The Granite Tower
IN KUNEWS
Temporary Student Representative Meeting Convened
Kim Seung Hyun, Choi Hyun Bin  |  shine950@korea.ac.kr, khyrst@korea.ac.kr
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승인 2017.01.22  18:49:15
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▲ The Temporary Student Representative Meeting. Photographed by Maeng Jun Ho.
 
A temporary Student Representative Meeting was held in the 4.18 Memorial Hall on January 22, 2017 to discuss and ratify the creation of an independent Budget Committee, changes to Korea University Student Association (KUSA) regulations and the direction of the 2017 Educational Rights Movement. Furthermore, the first draft of the Academic Affairs Committee regulations was also reported in the Meeting.
 
The plan for the Academic Affairs Committee was finally unveiled in today’s meeting, which shed light on how the Committee would be constituted, when the Committee would be held, and what role the Committee would play in the ratification of school policy plans. The plan also dictated that the Head of Student Affairs would be the President of the Committee, and that he or she has a responsibility to convene the Committee at the request of more than two thirds of all Committee members. An additional responsibility of the Head of Student Affairs is to facilitate communication between the faculty and the Committee, relaying the Committee’s decisions concerning a certain school policy to the faculty and vice versa.  
 
Some representatives voiced concerns that not specifying a deadline for when the Head of Student Affairs should notify the Committee of the faculty’s decision might become problematic. The President of the Meeting, Kim Bo Hyuk (’14, Political Science and International Relations), promised to alter the Committee plan in a way that reflected such feedback. No further comments about the plan were made.
 
During the Meeting, the creation of an independent Budget Committee was discussed at great length. Due to the perceived inefficiency of the Budget Committee having to be ratified at a Student Representative Meeting before it could commence, the Central Steering Committee set forth plans to make the Budget Committee an institution independent of the Student Representative Meeting. This would enable the Budget Committee to go about its activities and require ratification by the Student Representative Meeting only afterwards.
 
A number of representatives pointed out that the plan offered no means of restarting the Budget Committee if the Student Representative Meeting refused to ratify its activities. Furthermore, controversy was stirred over the vagueness of the term person in charge, with many arguing that it could inadvertently place all the blame on student representatives and suggesting that it be replaced with the term financial manager. In the end, a new, more detailed plan for an independent Budget Committee was introduced and passed.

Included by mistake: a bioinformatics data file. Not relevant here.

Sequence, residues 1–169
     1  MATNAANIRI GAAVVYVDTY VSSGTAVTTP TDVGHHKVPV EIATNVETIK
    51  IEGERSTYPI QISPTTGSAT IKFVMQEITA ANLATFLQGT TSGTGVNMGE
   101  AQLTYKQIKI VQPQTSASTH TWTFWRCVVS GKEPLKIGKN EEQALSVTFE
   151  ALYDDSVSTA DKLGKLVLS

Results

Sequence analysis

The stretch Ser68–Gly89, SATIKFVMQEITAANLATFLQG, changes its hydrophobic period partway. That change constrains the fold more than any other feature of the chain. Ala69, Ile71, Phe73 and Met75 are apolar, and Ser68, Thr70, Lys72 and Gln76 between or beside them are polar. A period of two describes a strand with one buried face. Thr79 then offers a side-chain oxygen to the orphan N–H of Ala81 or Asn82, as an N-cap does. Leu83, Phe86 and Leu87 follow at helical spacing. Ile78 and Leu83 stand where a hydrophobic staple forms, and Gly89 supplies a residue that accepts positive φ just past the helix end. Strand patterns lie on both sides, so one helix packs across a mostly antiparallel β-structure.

After a series of discussion on the topic of penalties for unfulfilled duties, the dialogue was called to an end by a student representative and the motion to move into voting procedures was called. By 4:28 P.M. the bill on the Budget Committee’s rules of operation was passed with a supermajority of 48 out of 70 representative present voting for and 0 against, with 22 abstaining. Soon after, the meeting proceeded to its third discussion regarding partial amendments to administrative procedures.
 
The introduced bill aimed to remove several phrases that the submitters deemed unnecessary. Discussion was particularly fierce as student representatives questioned the reasoning behind the omitting as well as highlighting the phrases’ necessity. The majority of the discussion was spent on the suggestion of removing the part involving the creation of a document detailing the fixed assets of each colleges’ Student Associations.
 

Those advocating for its omittance argued that while it is de jure a necessity, the Student Associations have de facto not used such documents. Those against its deletion rebutted that because since the document on fixed assets is part of administrative rules, it is de jure a duty, and that it should be fulfilled even if it has not been part of procedures. The discussion came to mutual agreement when submitters and supporters agreed to points made by the opposition. The bill went into voting procedures soon after, and with 69 student representatives present, the third bill of the meeting received 49 votes for, 1 against, and 19 abstentions to win a supermajority. Overall, the last bill that was brought to table was passed without alterations. 

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